She was born in Norwood, Massachusetts on Sept. 19, 1929, and grew up in nearby Stoughton. She came from an Irish family of limited means, and her father was largely missing from her life. Her mother went to secretarial school and later edited a local newspaper. After high school, she enrolled at Boston University “but dropped out, partly because she ran out of money and partly because she was eager to move to New York, The Post said.
“She was drawn to politics,” The Post noted, adding that she “joined the successful 1954 gubernatorial campaign of W. Averell Harriman, a Democrat.” She and Moynihan, who also worked on the campaign, followed Harriman to Albany “and shared an office as members of his gubernatorial staff.,” The Post said. They married in 1955.
She accompanied her husband to Washington when he joined the Labor Department in the administration of President John F. Kennedy. The couple later moved to Massachusetts, where he taught urban studies and government at Harvard. A lecture on architectural history at the university helped spark her interest in the history and construction of gardens.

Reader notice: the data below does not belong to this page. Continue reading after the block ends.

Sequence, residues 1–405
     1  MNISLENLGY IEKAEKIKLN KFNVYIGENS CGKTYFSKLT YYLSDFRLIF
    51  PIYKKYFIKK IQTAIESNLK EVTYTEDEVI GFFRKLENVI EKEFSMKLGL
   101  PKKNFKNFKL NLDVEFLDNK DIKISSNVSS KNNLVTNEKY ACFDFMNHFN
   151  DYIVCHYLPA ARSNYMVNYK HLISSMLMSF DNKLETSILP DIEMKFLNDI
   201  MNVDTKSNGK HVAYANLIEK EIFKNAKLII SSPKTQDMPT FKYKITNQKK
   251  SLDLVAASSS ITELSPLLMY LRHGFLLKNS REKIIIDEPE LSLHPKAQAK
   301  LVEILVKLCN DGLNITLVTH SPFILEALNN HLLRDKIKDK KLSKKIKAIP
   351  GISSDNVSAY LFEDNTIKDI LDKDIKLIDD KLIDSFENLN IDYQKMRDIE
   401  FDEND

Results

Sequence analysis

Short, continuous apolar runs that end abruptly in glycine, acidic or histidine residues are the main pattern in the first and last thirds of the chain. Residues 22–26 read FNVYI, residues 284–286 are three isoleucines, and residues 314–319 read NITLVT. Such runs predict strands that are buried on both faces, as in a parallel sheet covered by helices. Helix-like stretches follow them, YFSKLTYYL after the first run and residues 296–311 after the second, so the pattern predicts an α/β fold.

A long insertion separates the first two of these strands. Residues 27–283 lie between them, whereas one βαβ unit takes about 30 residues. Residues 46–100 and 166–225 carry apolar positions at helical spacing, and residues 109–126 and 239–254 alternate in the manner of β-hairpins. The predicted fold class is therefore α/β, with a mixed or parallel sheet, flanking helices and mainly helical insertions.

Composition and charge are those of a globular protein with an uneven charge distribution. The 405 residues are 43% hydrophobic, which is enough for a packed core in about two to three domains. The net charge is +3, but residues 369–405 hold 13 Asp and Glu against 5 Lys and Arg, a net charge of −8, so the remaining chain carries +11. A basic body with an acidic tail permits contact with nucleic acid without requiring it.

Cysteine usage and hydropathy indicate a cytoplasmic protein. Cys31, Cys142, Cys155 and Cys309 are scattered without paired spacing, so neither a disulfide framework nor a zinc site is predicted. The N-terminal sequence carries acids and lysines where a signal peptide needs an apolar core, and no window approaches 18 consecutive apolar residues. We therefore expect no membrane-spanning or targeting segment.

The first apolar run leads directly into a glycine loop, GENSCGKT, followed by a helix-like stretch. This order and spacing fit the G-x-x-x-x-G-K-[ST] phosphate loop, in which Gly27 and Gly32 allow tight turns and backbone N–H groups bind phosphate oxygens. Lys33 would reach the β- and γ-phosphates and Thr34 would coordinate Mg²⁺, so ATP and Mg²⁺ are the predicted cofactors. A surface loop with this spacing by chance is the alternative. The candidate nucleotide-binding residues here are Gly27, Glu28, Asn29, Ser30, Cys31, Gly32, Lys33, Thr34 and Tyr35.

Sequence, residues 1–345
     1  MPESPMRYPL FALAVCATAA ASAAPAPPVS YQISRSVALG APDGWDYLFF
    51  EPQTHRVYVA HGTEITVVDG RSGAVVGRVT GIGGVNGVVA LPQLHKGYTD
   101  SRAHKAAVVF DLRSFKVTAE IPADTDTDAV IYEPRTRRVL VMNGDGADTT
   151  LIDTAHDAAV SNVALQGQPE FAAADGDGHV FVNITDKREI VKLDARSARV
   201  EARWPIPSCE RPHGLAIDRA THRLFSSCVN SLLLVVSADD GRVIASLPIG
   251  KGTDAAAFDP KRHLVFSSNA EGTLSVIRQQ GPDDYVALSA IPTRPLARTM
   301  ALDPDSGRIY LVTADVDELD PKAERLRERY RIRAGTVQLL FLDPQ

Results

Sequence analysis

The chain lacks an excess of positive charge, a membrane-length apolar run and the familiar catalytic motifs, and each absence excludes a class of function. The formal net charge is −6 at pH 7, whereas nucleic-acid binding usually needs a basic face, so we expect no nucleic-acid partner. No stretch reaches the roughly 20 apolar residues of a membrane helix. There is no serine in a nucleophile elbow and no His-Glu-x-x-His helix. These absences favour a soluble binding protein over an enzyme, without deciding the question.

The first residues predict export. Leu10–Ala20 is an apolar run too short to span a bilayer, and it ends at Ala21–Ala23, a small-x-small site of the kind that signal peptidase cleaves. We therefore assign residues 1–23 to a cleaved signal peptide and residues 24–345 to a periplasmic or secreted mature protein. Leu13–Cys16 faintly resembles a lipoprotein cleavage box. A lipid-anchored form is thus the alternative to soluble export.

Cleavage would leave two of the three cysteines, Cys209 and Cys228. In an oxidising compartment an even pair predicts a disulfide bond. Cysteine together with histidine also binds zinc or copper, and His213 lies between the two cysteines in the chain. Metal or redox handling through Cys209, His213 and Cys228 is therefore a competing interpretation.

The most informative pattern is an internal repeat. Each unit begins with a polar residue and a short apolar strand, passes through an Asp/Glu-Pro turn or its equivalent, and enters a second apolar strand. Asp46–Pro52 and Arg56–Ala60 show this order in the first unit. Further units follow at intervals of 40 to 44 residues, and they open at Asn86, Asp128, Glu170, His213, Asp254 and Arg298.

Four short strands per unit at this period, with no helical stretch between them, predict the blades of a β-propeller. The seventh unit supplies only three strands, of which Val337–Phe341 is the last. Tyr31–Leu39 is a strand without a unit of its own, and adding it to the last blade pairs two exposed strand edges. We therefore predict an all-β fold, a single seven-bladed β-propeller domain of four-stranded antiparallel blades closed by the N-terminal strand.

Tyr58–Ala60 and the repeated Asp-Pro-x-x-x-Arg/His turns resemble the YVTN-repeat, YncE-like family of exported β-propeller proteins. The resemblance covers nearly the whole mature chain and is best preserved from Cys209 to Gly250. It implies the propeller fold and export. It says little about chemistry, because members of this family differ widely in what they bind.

She was a longtime board member and donor to the Freer Gallery of Art and the Arthur M. Sackler Gallery, which together make up the Smithsonian’s National Museum of Asian Art. She was a founding trustee of the Leon Levy Foundation in New York, which awards grants in areas including the study and preservation of the ancient world.
She often reflected on her work in India. “The most important lesson I learned was that being seized by an idea is one of life’s blessings,” she wrote in the essay. “It does not matter whether other persons are interested; the reward is learning about the subject that grabs you.” She also believed that “without the personal sense of fulfillment I experienced from learning so much through these two books, I would not have been equal to the demands of my husband’s very public life. Pat knew and appreciated this.”